Midvalley students focus on arts in March
May 08, 2018 10:32AM ● Published by Julie Slama
By Julie Slama | email@example.com
Midvalley kindergartner Lily Pernod-Nicholsen didn’t know “grown-ups can stand on one foot” before Repertory Dance Theater came to teach her class how to move to the music.
Her classmate Avrie Marchant learned to squat like a frog to jump backwards and Braden Staker liked the running part best.
The students were learning how the body can move and not just in forms of dance like ballet or hip hop, said Lynne Larson, who is RDT’s education director and artistic associate.
“We want the students to explore different ways the body can move from reaching to twisting,” she said. “We want to empower them to create their own dance through choice. It’s an opportunity for them to learn without necessarily having a right or wrong answer.”
In addition to giving Midvalley’s 410 students 30 minutes of instruction at their appropriate grade level, RDT holds an assembly at the school that showcases eight dances as well as addresses core standards in dance and dance history.
Principal Tamra Baker, who joined the students for a bit of dance, said that it supports the school’s Beverly Taylor Sorensen grant, which has music teacher Teresa Culberson teaching students rhythm and reading music notes.
With the support of a Canyons Education Foundation grant, students are able to play with KidStix on xylophones, glockenspiels and tunable pitch drums as well as on tambourines, cutting boards and homemade drums made from No. 10 aluminum cans and silicon hot pads.
“We’re excited to build a program, which is helping the students in several ways,” Culberson said. “It’s proven that music helps with reading, the flow from left to right and their comprehension. Students look forward to singing, playing instruments, rhythm and have more depth of knowledge and creativity. They’re enjoying school more so they aren’t dreading having tests as much when they come. It’s boosting their attitudes.”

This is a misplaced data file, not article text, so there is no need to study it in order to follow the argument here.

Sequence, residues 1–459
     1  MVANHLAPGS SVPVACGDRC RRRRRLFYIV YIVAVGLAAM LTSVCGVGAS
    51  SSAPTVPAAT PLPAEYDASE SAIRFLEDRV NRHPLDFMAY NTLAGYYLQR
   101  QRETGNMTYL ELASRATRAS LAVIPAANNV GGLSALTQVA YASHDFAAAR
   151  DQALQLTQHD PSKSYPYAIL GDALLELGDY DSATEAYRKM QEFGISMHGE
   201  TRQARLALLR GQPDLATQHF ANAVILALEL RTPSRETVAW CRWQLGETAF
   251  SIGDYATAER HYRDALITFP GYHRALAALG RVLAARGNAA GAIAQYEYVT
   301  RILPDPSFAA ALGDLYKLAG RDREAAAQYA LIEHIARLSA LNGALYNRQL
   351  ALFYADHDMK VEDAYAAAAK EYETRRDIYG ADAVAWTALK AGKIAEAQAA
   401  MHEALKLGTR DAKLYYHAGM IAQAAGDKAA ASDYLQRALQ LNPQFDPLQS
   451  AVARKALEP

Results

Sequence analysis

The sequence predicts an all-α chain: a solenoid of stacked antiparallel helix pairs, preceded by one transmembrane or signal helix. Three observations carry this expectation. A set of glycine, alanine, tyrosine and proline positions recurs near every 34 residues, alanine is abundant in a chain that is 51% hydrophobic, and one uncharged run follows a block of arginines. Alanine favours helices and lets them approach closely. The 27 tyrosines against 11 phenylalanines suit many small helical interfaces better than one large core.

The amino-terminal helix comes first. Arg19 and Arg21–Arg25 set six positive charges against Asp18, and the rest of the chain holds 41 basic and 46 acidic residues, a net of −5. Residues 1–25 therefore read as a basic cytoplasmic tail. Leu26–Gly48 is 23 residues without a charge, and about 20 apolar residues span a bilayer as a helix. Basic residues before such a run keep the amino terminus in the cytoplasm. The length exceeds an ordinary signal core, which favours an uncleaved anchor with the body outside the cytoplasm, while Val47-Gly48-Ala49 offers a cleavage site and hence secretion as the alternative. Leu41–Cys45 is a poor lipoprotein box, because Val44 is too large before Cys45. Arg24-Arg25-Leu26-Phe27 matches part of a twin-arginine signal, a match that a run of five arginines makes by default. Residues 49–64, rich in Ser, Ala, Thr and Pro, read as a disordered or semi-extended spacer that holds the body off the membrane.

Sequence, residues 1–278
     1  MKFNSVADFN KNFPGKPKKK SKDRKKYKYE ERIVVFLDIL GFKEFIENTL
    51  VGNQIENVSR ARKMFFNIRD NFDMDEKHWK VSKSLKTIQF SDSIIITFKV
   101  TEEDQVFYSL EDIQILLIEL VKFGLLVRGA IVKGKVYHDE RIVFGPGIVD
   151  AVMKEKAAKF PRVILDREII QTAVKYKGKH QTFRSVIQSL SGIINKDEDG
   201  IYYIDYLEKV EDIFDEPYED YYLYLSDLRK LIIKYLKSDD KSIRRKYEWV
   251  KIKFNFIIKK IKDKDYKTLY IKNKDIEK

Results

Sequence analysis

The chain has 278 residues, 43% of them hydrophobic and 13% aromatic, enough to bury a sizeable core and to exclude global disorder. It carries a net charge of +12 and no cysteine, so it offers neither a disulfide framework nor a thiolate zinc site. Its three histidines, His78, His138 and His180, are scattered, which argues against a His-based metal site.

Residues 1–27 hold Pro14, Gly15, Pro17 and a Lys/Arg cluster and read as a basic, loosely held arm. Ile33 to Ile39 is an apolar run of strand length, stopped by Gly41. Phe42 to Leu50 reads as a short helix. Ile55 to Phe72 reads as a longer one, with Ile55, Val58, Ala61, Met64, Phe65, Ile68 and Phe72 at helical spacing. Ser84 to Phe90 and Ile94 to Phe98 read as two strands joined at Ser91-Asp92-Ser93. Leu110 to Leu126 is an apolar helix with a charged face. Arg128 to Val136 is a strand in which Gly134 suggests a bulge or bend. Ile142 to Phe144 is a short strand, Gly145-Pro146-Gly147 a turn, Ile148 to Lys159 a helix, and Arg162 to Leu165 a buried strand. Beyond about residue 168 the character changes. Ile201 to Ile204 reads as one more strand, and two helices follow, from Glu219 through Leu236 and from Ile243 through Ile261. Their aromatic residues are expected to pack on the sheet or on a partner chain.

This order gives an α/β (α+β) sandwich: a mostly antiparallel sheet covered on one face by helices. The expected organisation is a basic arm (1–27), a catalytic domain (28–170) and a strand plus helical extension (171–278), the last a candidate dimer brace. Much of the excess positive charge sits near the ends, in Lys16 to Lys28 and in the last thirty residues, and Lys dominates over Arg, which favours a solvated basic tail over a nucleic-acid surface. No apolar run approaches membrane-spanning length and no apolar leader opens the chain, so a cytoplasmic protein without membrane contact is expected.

Baker said it also helps with giving students a chance to move around so they can focus on their subjects more as well as learning parts of a whole or learning fractions with the upper grades.
She also said that with March’s focus on the arts, students will have a chance to work on a visual art project.
“It will be tied into something they’re already reading or learning in math or social studies or science. It’s a way they can talk about what they’re doing and be able to express their understanding,” she said.
The dance lesson was rewarding in itself, kindergarten teacher Ashley Bell said.
“I hope they learn that it’s OK to be silly or to have fun in school,” she said. “It’s OK for them to overcome being nervous or scared to be who we want to be and to learn different ways to dance and that’s OK if it’s not all the same. It’s important that students move around because it engages them in their academics more.”
She said it also helped to teach them that they can be leaders.
“They (RDT) provided teachers with resources, but in that 30 minutes, it gave me more ideas we can do as ‘brain breaks.’ And the exercises are ones that students can lead themselves or do on their own. Making them own is an important part of learning,” she said.
For kindergartner Alexa Loya-Santos, it was just about having fun with her classmates.
“I liked learning to dance like that because it was fun,” she said. “I learned some crazy moves.”